Considers a number of models that specify how children and adults solve single-digit addition problems. It is shown that the most adequate of these for children's response latencies is a model that assumes the existence of a counter with 2 operations: setting and incrementing. The child adds 2 digits, m and n, by setting this counter to max (m,n) and then incrementing it min (m,n) times. This model also accounts for adults' latencies, though with a drastically reduced incrementing time. Some theoretical issues raised by this reduced time are considered, and an alternative model is suggested which assumes that adults usually use a memory look-up process with homogeneous retrieval times, but occasionally revert back to the counting process used by children. (2l ref.) (PsycINFO Database Record (c) 2012 APA, all rights reserved)
"Contrary to most past seminal studies (e.g., Ashcraft & Fierman, 1982), we used a production task wherein children were asked to give oral responses to the problems rather than a verification task, which, due to the possible use of plausibility judgments , might not reflect the real mental processes that individuals use to solve problems (Campbell & Tarling, 1996; Lemaire & Fayol, 1995; Zbrodoff & Logan, 1990). A production task in which solution times are precisely measured through voice key activation is also more ecologically valid than asking children to press a key corresponding to the answer (Groen & Parkman, 1972) or asking the experimenter to press a key when the child gives his or her response (Svenson, 1975; Svenson & Broquist, 1975). Moreover, in order to increase the reliability of our conclusions, and again contrary to original studies, a substantial number of data was collected . "
[Show abstract][Hide abstract] ABSTRACT: For more than 30 years, it has been admitted that individuals from the age of 10 mainly retrieve the answer of simple additions from long-term memory, at least when the sum does not exceed 10. Nevertheless, recent studies challenge this assumption and suggest that expert adults use fast, com-pacted and unconscious procedures in order to solve very simple problems such as 3 + 2. If this is true, automated procedures should be rooted in earlier strategies and therefore observable in their non-compacted form in children. Thus, contrary to the dominant theoretical position, children's behaviors should not reflect retrieval. This is precisely what we observed in analyzing the responses times of a sample of 42 10-year-old children who solved additions with operands from 1 to 9. Our results converge towards the conclusion that 10-year-old children still use counting procedures in order to solve non-tie problems involving operands from 2 to 4. Moreover, these counting procedures are revealed whatever the expertise of children, who differ only in their speed of execution. Therefore and contrary to the dominant position in the literature according to which children's strategies evolve from counting to retrieval, the key change in development of mental addition solving appears to be a shift from slow to quick counting procedures.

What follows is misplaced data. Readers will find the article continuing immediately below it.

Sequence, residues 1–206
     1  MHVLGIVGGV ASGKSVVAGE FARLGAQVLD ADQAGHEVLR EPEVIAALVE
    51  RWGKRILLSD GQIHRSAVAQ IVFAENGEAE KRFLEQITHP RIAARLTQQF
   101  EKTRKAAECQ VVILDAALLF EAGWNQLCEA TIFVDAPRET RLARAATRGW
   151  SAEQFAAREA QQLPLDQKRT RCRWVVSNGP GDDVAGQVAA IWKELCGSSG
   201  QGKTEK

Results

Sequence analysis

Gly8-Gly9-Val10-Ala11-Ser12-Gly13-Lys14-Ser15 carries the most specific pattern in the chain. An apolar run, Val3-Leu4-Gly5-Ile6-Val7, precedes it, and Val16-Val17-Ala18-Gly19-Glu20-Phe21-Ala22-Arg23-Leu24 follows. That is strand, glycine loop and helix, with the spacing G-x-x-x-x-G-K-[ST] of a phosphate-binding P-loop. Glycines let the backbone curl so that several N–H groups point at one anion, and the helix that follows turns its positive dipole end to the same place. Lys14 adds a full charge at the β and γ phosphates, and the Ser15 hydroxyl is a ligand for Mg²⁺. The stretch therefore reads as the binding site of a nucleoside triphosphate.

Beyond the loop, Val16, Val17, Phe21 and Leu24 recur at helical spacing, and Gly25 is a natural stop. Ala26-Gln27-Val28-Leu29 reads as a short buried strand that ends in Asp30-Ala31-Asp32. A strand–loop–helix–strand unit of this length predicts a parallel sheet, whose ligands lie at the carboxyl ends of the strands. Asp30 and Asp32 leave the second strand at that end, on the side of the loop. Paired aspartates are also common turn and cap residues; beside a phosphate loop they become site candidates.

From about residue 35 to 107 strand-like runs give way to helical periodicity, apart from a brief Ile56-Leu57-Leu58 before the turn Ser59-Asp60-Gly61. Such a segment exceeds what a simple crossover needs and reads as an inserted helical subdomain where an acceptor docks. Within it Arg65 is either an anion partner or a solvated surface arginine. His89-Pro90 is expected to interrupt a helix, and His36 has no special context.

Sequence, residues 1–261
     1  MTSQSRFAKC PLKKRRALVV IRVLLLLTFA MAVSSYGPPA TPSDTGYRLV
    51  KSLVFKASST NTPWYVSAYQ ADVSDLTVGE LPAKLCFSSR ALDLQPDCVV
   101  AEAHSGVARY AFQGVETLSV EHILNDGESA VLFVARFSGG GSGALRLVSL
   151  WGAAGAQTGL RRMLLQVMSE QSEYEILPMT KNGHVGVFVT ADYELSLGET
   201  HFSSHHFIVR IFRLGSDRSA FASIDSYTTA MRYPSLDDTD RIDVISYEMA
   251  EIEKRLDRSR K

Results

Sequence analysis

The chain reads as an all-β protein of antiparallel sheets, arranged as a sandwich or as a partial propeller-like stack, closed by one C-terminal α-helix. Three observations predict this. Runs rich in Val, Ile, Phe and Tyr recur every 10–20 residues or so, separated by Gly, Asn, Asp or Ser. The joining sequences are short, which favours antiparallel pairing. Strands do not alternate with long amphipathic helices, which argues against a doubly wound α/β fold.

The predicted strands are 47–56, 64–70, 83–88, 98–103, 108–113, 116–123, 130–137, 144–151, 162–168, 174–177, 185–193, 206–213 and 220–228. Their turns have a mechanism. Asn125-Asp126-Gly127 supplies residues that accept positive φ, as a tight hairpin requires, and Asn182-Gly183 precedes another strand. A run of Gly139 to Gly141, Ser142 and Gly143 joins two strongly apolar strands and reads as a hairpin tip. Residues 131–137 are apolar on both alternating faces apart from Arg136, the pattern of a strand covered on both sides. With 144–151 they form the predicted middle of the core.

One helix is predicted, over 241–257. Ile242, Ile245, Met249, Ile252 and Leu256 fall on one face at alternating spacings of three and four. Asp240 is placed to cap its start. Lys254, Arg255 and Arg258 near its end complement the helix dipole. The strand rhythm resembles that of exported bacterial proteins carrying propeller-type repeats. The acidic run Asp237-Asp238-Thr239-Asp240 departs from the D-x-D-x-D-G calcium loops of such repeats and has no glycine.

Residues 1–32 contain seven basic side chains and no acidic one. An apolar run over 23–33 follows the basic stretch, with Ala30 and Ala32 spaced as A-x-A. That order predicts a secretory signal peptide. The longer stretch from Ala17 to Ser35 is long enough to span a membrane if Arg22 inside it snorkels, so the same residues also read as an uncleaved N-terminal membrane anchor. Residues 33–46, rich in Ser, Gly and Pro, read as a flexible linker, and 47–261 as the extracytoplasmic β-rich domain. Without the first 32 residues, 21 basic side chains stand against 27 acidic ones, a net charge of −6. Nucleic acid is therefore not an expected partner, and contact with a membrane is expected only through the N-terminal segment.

"Based on these measures, a variety of studies have suggested that strategy selection and strategy efficiency depend on the problem size, the arithmetic operation, and the level of arithmetic ability. The problem-size effect has been widely reported and refers to the fact that response time and errors increase as the size of the operands increases (Groen & Parkman, 1972; Zbrodoff & Logan, 2005). Campbell and Xue (2001) proposed three sources of the problem-size effect related to strategy selection and strategy efficiency. "
[Show abstract][Hide abstract] ABSTRACT: The aim of this study was to examine whether differences in strategy selection and/or strategy efficiency can explain the modulation of the problem-size effect by arithmetic skill. More specifically, we wondered whether arithmetic skill increases the use of retrieval strategy in large problems, and/or enhances the efficiency of either retrieval or procedural strategies. The performance of highly-skilled (HS) and less highly-skilled (LS) individuals on a subtraction verification task was analyzed according to problem size and to the strategy reported on a trial-by-trial basis after each problem. The problem size effect was larger for LS individuals than for their HS peers, both in response time and in hit rate. Nevertheless, groups did not differ regarding the strategy reported for each subtraction size. As expected, problems in which retrieval strategy was reported were solved more quickly and more accurately than problems solved by procedural strategies. Responses using retrieval strategy were equally fast in the two groups, but HS individuals performed better than LS when using procedural strategies. The results therefore suggest that the differences in behavioral measures between groups might specifically be due to differences in the efficiency of procedural strategies.
"001 . This difference might produce a problem size effect ( Ashcraft , 1992 ; Groen & Parkman , 1972 ) , which consists in longer reaction times and more errors when solving additions with large problem size relative to problems with small problem size . Hence , we report first the results obtained in the first trial ( Related 1 condition vs . "
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